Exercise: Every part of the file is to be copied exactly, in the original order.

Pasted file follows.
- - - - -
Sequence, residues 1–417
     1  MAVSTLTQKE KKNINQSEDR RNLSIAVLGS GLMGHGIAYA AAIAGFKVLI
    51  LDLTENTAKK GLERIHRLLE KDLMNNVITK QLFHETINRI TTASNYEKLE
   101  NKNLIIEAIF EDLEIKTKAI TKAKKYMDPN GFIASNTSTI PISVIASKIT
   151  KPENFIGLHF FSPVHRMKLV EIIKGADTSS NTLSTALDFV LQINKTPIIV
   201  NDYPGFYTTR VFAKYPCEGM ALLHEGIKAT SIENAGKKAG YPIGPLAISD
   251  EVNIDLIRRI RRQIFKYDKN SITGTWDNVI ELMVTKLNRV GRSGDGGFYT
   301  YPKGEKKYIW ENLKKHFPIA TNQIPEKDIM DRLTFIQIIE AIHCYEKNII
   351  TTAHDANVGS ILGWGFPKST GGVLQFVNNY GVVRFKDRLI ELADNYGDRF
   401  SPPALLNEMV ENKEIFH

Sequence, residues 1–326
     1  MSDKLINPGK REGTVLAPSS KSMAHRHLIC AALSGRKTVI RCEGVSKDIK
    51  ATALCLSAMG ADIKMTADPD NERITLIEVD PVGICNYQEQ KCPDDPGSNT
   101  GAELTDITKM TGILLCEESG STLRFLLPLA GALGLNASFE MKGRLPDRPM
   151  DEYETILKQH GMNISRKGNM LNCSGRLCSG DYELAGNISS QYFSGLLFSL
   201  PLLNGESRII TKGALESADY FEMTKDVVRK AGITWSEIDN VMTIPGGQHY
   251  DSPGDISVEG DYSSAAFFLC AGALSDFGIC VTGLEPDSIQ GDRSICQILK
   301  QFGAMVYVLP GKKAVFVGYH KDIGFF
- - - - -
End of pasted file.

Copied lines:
Sequence, residues 1–417
     1  MAVSTLTQKE KKNINQSEDR RNLSIAVLGS GLMGHGIAYA AAIAGFKVLI
    51  LDLTENTAKK GLERIHRLLE KDLMNNVITK QLFHETINRI TTASNYEKLE
   101  NKNLIIEAIF EDLEIKTKAI TKAKKYMDPN GFIASNTSTI PISVIASKIT
   151  KPENFIGLHF FSPVHRMKLV EIIKGADTSS NTLSTALDFV LQINKTPIIV
   201  NDYPGFYTTR VFAKYPCEGM ALLHEGIKAT SIENAGKKAG YPIGPLAISD
   251  EVNIDLIRRI RRQIFKYDKN SITGTWDNVI ELMVTKLNRV GRSGDGGFYT
   301  YPKGEKKYIW ENLKKHFPIA TNQIPEKDIM DRLTFIQIIE AIHCYEKNII
   351  TTAHDANVGS ILGWGFPKST GGVLQFVNNY GVVRFKDRLI ELADNYGDRF
   401  SPPALLNEMV ENKEIFH

Sequence, residues 1–326
     1  MSDKLINPGK REGTVLAPSS KSMAHRHLIC AALSGRKTVI RCEGVSKDIK
    51  ATALCLSAMG ADIKMTADPD NERITLIEVD PVGICNYQEQ KCPDDPGSNT
   101  GAELTDITKM TGILLCEESG STLRFLLPLA GALGLNASFE MKGRLPDRPM
   151  DEYETILKQH GMNISRKGNM LNCSGRLCSG DYELAGNISS QYFSGLLFSL
   201  PLLNGESRII TKGALESADY FEMTKDVVRK AGITWSEIDN VMTIPGGQHY
   251  DSPGDISVEG DYSSAAFFLC AGALSDFGIC VTGLEPDSIQ GDRSICQILK
   301  QFGAMVYVLP GKKAVFVGYH KDIGFF